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February 25, 2015

The Daily Scam has made a few design changes to our newsletter as we try to improve the information we bring to you. The TDS newsletter will now come out on Wednesday of each week. As always, we invite your feedback! Send us an email how we’re doing and what you like or would like improved to Feedback@thedailyscam.com

THE WEEK IN REVIEW

Wow what a week! We don’t mean scams, we mean snow! Your TDS team lives in the Boston area and we’re looking at four feet of snow, not counting the drifts. Thank goodness the scammers have kept us distracted from shoveling. Here are just some of the subject lines we saw during the past week…

  • Alaska cruise deals
  • Are you about to date a felon?
  • Auto policy alerts
  • Blood pressure fix
  • Bloomberg promotions
  • Burn fat in just 6 minutes
  • Businessweek News
  • Can you believe what I found on her record?
  • Communicate at no cost, this weekend on eHarmony
  • Eat this for breakfast to flatten your belly
  • Find affordable dental coverage
  • Funeral/Burial Insurance Rates
  • Get certified in Medical Billing
  • Healthy living
  • Improve your vision (Restore your vision)
  • Ink/Toner Sale
  • Is your neighbor a criminal?
  • Jeopardy host Alex Tribec beats Alzheimiers
  • Jordan war on ISIS to affect American communities
  • Katie Couric lets you know how to raise your IQ number
  • Lasik Surgery

  • Lobster kills women
  • Lotto Winner held at gunpoint
  • Make your smile sparkle
  • Medical device recalls
  • New sleep aid hits CVS shelves
  • Norton Internet Security
  • Norton Update
  • O’Reilly Factor has details on imminent ISIS attack
  • Omega K Heart Attack Fighter
  • Pope Francis using formula banned by Vatican
  • Razor blades are overpriced
  • Security camera deals
  • The secret celebrities use for vibrant skin
  • This video makes women want you
  • Tinnitus
  • Top Drug and Alcohol Rehab Centers
  • Valentine’s flowers
  • Walgreens $100 eBalance reward points
  • Window replacement deals
  • Wireless safety cameras
  • Xarelto causes serious injuries, compensation available

The scammers turned up the heat last week and TDS had to rate the week as five thumbs down, meaning the highest volume of spam and scams evah! A common trick they use to pretend legitimacy for their scams is to create email usernames that sound legitimate such as these recent samples.  But don’t be fooled. Any text in front of the “@” symbol in an email address is just a username. Anyone can create any username they want. “Amazon_Coupons@…” doesn’t mean the email is from Amazon and contains coupons.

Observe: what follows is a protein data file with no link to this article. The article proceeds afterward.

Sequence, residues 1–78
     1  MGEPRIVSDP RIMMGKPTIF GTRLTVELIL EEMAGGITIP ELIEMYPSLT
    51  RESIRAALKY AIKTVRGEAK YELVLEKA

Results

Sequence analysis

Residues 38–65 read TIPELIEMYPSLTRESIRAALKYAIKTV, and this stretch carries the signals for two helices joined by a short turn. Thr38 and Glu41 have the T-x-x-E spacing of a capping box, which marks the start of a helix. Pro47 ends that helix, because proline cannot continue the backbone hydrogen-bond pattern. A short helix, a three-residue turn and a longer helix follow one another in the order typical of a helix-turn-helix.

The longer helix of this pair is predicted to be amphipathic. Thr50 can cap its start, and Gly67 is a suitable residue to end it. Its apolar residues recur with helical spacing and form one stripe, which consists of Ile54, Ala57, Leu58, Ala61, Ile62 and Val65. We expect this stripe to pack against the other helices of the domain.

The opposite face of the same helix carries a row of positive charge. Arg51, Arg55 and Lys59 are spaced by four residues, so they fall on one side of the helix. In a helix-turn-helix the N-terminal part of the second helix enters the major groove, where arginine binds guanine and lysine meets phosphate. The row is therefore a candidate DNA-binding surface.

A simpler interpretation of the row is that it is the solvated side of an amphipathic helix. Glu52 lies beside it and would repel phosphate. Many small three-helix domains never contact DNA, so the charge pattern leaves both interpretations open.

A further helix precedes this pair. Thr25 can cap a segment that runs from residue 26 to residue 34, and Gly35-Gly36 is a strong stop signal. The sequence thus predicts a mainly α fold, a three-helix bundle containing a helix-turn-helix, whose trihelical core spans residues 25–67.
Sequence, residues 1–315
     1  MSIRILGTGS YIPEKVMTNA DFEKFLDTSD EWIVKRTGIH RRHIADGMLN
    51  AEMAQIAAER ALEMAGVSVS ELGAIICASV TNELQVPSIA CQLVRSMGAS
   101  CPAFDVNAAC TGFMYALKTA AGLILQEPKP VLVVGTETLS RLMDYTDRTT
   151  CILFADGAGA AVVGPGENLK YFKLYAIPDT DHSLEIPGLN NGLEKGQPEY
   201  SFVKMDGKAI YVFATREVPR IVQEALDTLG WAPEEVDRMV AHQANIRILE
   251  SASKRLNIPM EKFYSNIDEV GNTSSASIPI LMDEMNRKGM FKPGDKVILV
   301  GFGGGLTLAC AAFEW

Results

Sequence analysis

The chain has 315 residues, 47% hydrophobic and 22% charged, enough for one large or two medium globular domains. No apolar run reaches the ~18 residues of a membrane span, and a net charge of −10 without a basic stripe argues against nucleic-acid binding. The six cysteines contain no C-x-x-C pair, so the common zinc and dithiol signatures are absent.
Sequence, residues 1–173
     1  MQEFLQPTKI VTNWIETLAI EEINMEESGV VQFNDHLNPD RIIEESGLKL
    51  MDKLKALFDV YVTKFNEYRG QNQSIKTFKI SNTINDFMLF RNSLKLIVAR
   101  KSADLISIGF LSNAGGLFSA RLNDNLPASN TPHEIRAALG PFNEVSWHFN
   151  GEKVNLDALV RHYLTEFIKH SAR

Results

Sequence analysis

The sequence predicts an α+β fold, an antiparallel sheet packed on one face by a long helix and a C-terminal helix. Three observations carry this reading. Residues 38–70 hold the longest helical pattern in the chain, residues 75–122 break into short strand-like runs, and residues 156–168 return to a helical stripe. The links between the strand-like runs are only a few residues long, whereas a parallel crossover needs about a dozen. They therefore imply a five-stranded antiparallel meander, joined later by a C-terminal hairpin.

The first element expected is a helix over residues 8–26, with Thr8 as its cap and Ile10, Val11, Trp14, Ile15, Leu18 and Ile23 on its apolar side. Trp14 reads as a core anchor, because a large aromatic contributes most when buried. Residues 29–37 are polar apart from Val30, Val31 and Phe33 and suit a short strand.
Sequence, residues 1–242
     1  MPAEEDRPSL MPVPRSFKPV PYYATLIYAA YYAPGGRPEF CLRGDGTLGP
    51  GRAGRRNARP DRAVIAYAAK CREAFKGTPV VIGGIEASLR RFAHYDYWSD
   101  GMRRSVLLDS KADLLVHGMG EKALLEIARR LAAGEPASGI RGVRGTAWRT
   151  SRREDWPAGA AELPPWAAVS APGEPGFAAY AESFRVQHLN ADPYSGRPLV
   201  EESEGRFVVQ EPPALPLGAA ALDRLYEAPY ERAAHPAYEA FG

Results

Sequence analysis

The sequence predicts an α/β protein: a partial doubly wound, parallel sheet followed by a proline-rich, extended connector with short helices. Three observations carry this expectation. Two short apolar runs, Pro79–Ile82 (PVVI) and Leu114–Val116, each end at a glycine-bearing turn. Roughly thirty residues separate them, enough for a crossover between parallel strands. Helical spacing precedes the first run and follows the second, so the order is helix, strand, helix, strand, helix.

1-Scam email list 1

 

 

 

 

 

 

 

 

Before we focus on this week’s news we wanted to show you something new from the scammers and something old. We’ve all heard about charity campaigns asking donors to donate their old cars to charity but we’ve never seen the scammers use this ploy to trick people into clicking malicious links…. Until now. We also want to remind our readers about the vanity scams disguised as invitations to join Who’s Who groups or directories. At best they are worthless and at worse they are malicious. To read more about these vanity scams, visit us at http://thedailyscam.com/articles/recognizing-vanity-scams/

2-Donate your old car to charity

 

 

 

 

 

 

 

 

 

 

 

3-Global Whos Who 2015 - Your invitation

 

 

 

 

 

 

 

 

 

 

 

Phish Nets: Bank and Credit Card Phishing is on the Rise.

We saw a sharp rise in the number of bank and credit card phishing emails meant to trick you into revealing your log-in credentials. To see a complete explanation of phishing scams disguised as Apple emails, check out our video How to Tell Good Apples from Bad.

Fortunately, a simple mouse-over of the links reveal that they don’t take you back to the company they claim to represent.

4a-American Express -account verification needed

 

4b-American Express software update

 

4c-Barclays account restricted for security

 

4d-Wells Fargo suspicious activity on account

 

 

 

 

 

 

Your Money: Scam? Maybe. But Questionable, Worthless Spam? Yes.

Sometimes there is a fine line between a scam and spam using scammy tactics to push questionable services or products. We don’t typically “call out” possible legitimate businesses but this one is exceptional. A few weeks ago one of our members began to receive emails from a service called